Independence Day is just around the corner, and plenty of Hoosiers want to know when they’re allowed to set off fireworks. On normal days, State law says that the use of fireworks must be limited to between 9:00 a.m. and 11:00 p.m. Local ordinances can be even more restrictive.

The 9:00-to-11:00 rule, however, doesn’t apply for the Fourth of July (or New Year’s Eve, for that matter). In Indiana, from June 29 through July 9, there are special fireworks hours protected by State law that run from 5:00 p.m. until two hours past sunset. On July 4 itself, fireworks may be set off from 10:00 a.m. to midnight.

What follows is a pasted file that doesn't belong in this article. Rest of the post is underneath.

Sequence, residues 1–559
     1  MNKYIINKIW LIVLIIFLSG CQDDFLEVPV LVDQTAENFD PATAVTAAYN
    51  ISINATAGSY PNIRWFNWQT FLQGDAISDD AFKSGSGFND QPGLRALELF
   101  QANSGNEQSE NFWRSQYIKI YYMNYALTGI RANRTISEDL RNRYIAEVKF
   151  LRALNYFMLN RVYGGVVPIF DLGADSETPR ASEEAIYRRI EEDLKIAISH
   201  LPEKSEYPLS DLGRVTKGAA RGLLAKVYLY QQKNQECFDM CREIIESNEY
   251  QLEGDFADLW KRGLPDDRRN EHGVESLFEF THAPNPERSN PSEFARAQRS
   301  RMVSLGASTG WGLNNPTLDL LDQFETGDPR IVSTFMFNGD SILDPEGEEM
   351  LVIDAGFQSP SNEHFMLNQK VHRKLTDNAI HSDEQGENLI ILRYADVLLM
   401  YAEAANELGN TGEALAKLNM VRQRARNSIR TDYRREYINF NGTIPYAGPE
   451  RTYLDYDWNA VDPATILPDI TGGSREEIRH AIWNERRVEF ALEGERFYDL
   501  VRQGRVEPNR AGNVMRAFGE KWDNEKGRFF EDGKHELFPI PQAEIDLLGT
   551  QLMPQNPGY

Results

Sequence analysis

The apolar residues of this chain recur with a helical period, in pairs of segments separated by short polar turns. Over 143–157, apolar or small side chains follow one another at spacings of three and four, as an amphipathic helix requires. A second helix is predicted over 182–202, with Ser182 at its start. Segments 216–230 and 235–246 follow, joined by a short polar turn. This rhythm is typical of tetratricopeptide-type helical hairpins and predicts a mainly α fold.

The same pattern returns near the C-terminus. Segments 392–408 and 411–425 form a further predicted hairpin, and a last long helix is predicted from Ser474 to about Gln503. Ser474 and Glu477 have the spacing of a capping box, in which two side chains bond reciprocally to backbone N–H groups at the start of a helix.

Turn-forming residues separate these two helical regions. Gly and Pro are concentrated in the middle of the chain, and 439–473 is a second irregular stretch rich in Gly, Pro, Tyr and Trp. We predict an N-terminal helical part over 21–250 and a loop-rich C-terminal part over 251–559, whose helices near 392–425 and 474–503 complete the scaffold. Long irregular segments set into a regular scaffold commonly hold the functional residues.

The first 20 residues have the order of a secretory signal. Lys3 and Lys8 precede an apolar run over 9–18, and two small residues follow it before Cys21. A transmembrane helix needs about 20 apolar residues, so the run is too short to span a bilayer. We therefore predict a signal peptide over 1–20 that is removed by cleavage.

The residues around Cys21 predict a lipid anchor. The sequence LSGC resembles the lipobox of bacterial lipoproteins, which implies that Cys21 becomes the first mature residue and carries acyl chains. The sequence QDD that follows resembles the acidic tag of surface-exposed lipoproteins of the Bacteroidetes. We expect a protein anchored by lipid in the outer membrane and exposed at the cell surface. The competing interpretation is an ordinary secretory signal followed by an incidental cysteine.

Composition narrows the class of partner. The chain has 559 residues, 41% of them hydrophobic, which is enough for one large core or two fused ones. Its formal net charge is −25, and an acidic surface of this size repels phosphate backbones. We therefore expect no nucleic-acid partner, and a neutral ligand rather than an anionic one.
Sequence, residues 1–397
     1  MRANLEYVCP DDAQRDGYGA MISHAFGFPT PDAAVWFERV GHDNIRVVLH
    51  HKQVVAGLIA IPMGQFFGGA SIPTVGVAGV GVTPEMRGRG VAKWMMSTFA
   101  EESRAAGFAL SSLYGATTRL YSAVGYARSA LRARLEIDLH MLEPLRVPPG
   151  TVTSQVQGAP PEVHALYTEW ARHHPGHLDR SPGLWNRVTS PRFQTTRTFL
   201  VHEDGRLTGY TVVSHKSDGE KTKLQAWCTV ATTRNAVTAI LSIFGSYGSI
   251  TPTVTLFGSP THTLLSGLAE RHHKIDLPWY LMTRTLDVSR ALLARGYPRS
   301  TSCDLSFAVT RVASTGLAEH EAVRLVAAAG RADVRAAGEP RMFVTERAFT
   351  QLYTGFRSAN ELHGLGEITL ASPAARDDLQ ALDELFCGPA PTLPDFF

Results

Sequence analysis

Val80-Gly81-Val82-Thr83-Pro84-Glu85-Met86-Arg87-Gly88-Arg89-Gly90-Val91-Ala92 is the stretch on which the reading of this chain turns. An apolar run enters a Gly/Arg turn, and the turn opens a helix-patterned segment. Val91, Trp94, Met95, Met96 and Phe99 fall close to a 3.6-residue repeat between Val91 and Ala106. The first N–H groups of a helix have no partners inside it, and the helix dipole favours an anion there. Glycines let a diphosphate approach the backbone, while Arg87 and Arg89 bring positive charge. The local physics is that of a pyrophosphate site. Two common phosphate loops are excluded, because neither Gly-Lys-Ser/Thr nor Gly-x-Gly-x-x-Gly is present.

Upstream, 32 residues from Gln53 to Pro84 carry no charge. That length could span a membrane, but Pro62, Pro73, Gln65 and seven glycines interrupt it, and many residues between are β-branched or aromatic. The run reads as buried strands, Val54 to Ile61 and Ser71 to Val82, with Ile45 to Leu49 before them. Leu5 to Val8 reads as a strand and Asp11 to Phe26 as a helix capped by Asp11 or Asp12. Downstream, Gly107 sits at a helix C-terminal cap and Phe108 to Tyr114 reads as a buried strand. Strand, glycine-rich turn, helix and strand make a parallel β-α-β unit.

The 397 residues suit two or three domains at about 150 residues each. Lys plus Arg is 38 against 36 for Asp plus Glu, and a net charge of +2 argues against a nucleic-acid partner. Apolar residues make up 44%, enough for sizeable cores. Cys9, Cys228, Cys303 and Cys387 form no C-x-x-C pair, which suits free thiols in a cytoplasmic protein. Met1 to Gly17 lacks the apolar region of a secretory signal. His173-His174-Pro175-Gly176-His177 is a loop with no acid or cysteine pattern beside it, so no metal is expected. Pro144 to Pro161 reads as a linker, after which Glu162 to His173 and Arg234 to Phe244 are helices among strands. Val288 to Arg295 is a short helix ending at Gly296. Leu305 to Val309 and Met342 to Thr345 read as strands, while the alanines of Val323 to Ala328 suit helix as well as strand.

These special fireworks hours are not subject to local ordinances. That means no matter how annoyed your neighbors get, you have the right to wake babies and scare dogs with your explosive patriotism until two hours after sunset. The police are not going to shut you down.

We all know that blowing things up is an American tradition, but there’s also something to be said for being a good neighbor. The folks next door may not have any legal recourse, but it’s still not a great idea to make them your enemies. Know the law, but use your head as well. As you celebrate this Fourth of July, be safe, have fun, and try not to start any fires. If you have any questions, call the Marc Lopez Law Firm at 317-632-3642 and remember—always plead the 5th!